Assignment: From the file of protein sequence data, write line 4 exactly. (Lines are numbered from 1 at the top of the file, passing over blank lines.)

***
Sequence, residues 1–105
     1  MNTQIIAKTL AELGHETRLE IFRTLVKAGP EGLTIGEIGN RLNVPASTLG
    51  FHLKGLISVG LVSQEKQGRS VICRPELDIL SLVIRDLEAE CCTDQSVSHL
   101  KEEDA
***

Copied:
   101  KEEDA